This lack of scientific knowledge on biochar in West Africa, more specifically in the context of urban and peri-urban agriculture, is one important rationale of the Urban Food Plus project. Biochar, therefore, concerns UFP researchers of every sub-project, albeit from different perspectives. The soil scientists and agronomists in the UFP team are systematically investigating the potentials and effects of biochar as a soil amendment in a controlled experimental setting, e.g. by determining properties of various feedstocks and assessing impacts of biochar addition on soil nutrient leaching, water retention capacity and gaseous emissions. In contrast, the engineering sub-project of UFP explores the potential of biochar as a filter medium to develop an appropriate and affordable filtering technology for improved wastewater irrigation. Yet, the social scientists in the team have completely different research interests related to biochar. While the anthropologists investigate social and cultural determinants of technology adaptation, the economists (i.e. the IEE team) is exploring the economic costs and benefits of biochar adaptation from the perspectives of urban farmers and consumers.
During a field trip to the central experiment site in Tamale, which was jointly organised by the soil science and agronomy sub-projects of UFP, the Summer School participants got first-hand insights into the different treatments and research methods used for assessing the effects of biochar as a soil amendment. Although the field experiments have only recently started after a thorough preparation phase, the participants already got a first visual impression of the productivity-enhancing effect of biochar in urban vegetable production. Complementing the central experiment, on-farm field trials in cooperation with local farmers are scheduled to start in the coming months.
Forging Partnerships and Trans-disciplinary Collaboration
Apart from the official Summer School programme, the UFP researchers from the African partner organizations, the four participating German universities and the two international CGIAR institutions (AVDRC, IWMI) made use of the opportunity to discuss academic as well as administrative matters face to face, intensifying already existing and forging new institutional ties among the UFP partners and between sub-projects. It was unanimously felt that this year’s summer school has been a big leap towards closer African-German research ties and trans-disciplinary collaboration across the UFP partnership. Thanks a lot to Prof. Gordana Kranjac-Berisavljevic (UDS), Prof. Bernd Marschner and Dr. Volker Häring (both RUB Geography Institute, Chair for Soil Sciences) for organising the Summer School on behalf of UFP’s International Graduate School and bringing us all together in constructive dialogue!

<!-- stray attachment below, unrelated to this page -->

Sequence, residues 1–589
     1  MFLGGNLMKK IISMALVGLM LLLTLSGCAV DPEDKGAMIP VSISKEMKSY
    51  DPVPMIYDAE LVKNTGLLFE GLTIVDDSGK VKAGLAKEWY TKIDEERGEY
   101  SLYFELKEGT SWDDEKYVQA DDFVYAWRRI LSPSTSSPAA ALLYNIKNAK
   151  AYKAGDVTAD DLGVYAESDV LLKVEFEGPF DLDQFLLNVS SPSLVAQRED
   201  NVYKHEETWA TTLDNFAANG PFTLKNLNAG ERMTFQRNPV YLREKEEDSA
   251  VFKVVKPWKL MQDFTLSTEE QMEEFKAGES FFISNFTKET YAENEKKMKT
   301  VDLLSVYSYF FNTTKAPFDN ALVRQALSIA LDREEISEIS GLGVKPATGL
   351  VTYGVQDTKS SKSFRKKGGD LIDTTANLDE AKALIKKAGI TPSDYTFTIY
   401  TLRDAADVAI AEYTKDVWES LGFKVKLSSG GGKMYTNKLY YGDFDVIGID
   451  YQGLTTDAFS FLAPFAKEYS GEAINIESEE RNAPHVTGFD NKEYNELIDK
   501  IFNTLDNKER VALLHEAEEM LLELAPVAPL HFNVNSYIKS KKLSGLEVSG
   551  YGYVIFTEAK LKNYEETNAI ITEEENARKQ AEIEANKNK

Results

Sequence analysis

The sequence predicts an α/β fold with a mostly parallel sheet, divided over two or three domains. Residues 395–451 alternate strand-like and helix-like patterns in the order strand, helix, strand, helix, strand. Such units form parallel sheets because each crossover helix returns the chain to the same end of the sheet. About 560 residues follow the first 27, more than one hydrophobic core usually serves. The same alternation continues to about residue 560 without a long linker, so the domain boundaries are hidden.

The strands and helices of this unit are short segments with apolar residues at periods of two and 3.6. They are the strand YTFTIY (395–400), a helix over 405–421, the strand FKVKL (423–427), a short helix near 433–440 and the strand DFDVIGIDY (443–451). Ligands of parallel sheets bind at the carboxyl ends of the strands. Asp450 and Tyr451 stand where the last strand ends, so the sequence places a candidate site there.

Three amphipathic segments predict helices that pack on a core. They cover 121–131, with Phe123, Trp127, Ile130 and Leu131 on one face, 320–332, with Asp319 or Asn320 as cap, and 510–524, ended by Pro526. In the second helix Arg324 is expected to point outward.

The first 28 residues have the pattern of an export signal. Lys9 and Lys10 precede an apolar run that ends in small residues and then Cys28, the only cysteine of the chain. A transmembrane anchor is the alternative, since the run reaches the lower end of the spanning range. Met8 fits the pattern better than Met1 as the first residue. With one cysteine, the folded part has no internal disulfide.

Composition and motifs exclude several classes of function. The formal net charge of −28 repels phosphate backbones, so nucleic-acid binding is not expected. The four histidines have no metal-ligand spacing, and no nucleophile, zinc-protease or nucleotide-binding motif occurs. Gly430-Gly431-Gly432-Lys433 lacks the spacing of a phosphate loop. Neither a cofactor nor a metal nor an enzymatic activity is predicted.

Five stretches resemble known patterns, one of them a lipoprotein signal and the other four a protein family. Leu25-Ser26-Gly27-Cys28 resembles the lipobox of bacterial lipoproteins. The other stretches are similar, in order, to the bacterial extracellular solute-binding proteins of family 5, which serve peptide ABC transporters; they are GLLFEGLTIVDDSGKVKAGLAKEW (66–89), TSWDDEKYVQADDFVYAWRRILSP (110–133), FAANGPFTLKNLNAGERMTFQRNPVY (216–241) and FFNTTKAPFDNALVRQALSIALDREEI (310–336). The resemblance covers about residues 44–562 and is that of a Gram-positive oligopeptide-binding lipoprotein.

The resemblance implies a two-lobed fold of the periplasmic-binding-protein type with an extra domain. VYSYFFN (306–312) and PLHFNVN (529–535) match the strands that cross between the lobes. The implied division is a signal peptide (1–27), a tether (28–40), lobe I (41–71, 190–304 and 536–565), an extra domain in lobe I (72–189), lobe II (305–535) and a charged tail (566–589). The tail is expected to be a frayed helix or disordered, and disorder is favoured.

Empirical Data Collection Started
Immediately after the Summer School in Tamale, a crucial phase began for the IEE-based researchers in the Urban Food Plus project. After more than one year of preparations, PhD IDS candidate Lesley Hope has started her productivity survey among urban farming households in Ouagadougou and Tamale, while IEE research fellow Marc Hansen spent several weeks in West Africa to collect secondary data for his PhD project. An associate to the IEE’s UFP contribution is Carla Swertz, a Master student at RUB’s Faculty of Management and Economics. Carla is currently conducting a household survey among urban farmers in Tamale to assess the opportunity costs of illness. Further Master theses are planned in the near future to complement the work packages of the IEE researchers within UFP. We will be excited to learn more about the economic effects of agricultural innovations on the lives of urban and peri-urban farmers and consumers, once the data collection of the IEE-UFP team is completed and first analyses can be conducted.
For more information:
Dr. Martina Shakya
Postdoctoral Fellow, Urban Food Plus
Phone +49-(0)234-32 25149